The Doctor's Daughter (by Sally Quilford)

I’ve read several of Sally Quilford’s novellas and have very much enjoyed her articles about writing, both on and offline. Any time she offers one of her books free for Kindle download, I snap it up immediately.

One such book is ‘The Doctor’s Daughter’, which introduces Peg Bradbourne, an independent young woman in 1917. Unlike many of the young ladies of her time - including her sisters - Peg likes to do things by herself, and speak her mind; as the story starts, she is considering moving out of her step-mother’s home and into a cottage in the village.

Peg is, as the title suggests, a doctor’s daughter. Her father was somewhat unconventional and she saw many things that girls of her era would not normally be aware of. So when she learns that a dead man has been discovered, she goes to take a look.

The police don’t see any mystery in his circumstances but Peg notices his lack of boots, and determines to find out who he was, and who might have removed his footwear… then, just as things are calming down a little, someone else is found dead, in far more suspicious circumstances.

This is a light crime fiction novella, giving some background into Peg’s life as a young woman. She appears as a minor character in the 'Midchester Memories' series of books, set in the middle of the 20th century, and always rather intrigued me, so I enjoyed getting to know her a little. She comes across as a believable and likeable person, as do her more conventional (if shadowy) sisters.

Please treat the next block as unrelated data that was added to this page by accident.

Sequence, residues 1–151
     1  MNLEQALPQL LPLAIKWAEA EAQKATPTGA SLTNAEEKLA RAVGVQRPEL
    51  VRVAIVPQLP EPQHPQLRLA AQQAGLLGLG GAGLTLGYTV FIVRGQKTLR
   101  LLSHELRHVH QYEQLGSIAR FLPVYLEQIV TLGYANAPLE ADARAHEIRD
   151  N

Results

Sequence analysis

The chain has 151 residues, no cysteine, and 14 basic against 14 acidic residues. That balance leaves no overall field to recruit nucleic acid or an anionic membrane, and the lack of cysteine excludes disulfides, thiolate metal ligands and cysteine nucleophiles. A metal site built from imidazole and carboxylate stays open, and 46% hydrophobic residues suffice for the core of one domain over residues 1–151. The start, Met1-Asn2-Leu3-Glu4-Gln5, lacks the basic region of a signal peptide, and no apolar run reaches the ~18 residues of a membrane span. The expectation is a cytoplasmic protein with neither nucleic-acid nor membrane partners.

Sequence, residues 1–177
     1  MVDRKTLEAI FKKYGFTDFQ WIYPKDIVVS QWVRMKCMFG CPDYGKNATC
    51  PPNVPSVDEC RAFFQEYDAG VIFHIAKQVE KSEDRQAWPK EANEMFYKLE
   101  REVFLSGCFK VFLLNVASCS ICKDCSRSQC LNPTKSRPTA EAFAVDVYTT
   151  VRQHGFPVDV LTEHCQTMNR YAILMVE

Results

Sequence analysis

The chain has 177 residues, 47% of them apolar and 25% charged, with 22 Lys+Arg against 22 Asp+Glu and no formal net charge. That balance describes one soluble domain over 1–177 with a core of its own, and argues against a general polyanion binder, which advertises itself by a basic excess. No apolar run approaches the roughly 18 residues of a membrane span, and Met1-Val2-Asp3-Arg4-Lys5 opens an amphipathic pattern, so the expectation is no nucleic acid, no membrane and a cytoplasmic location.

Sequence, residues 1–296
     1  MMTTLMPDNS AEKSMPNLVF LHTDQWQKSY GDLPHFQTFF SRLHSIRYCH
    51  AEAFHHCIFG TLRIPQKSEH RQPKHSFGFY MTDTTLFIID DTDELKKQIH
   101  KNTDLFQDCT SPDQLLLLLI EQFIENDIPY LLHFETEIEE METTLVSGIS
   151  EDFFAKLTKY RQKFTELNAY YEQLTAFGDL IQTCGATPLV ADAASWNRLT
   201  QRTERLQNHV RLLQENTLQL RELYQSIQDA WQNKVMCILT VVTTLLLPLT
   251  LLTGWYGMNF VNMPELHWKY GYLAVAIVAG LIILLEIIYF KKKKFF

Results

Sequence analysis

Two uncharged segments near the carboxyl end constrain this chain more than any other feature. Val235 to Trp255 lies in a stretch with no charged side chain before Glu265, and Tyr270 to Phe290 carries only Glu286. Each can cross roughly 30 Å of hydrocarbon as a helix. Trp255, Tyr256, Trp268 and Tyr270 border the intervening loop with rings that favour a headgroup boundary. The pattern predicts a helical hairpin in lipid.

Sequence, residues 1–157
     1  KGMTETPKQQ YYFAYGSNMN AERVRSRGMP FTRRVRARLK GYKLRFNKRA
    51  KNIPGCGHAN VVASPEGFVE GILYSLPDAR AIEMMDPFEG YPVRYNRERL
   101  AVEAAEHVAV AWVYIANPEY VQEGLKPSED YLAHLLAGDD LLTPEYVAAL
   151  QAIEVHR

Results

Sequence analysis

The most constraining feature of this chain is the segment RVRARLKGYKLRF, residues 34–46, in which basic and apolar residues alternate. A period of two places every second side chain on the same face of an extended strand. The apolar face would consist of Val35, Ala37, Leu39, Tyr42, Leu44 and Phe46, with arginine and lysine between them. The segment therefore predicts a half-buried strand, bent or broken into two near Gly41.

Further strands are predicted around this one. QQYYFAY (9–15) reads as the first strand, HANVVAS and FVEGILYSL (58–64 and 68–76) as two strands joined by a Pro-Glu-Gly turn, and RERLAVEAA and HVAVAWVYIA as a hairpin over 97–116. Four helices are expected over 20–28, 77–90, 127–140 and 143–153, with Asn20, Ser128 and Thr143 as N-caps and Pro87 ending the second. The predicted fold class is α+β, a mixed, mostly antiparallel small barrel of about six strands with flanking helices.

Most of Sally Quilford’s light crime novellas have a low-key romance, and I rather like the resultant mixture; however in this one, despite discussions of infidelities and potential suitors, Peg is single and remains so.

My biggest problem with this book is the sheer number of characters. There are villagers, and visitors; shop-keepers and elderly gossipping women. I read the book over just three days; it’s not long, and I found it quite engaging. But other than two or three significant people, I lost track almost entirely of who was whom. That wouldn’t matter so much in a different genre, but in crime fiction I like to be able to work out at least a potential candidate for ‘whodunit’.

In this book, however, I didn’t really have much idea of what was going on. There's no obvious motive for the crimes committed, no trail of false clues, and not many real clues either, other than a few references to similarities - or otherwise - between family members. When the perpetrator is revealed, it made sense to me, but I didn’t have any gradual feeling of revelation. There’s another twist too, which I thought was clever but also a bit disappointing.

Still, I’m glad I read this; it makes a good background to the ‘Midchester Memories’ series. I gather there will be other novellas specifically about Peg, and look forward to reading them.

'The Doctor's Daughter' is available inexpensively in Kindle form on both sides of the Atlantic, and should also now be available in large print hardback.

Review by copyright 2015 Sue's Book Reviews

1 comment:

Quillers said...

Thank you again, Sue, for your well thought out and measured review. You really do me proud! x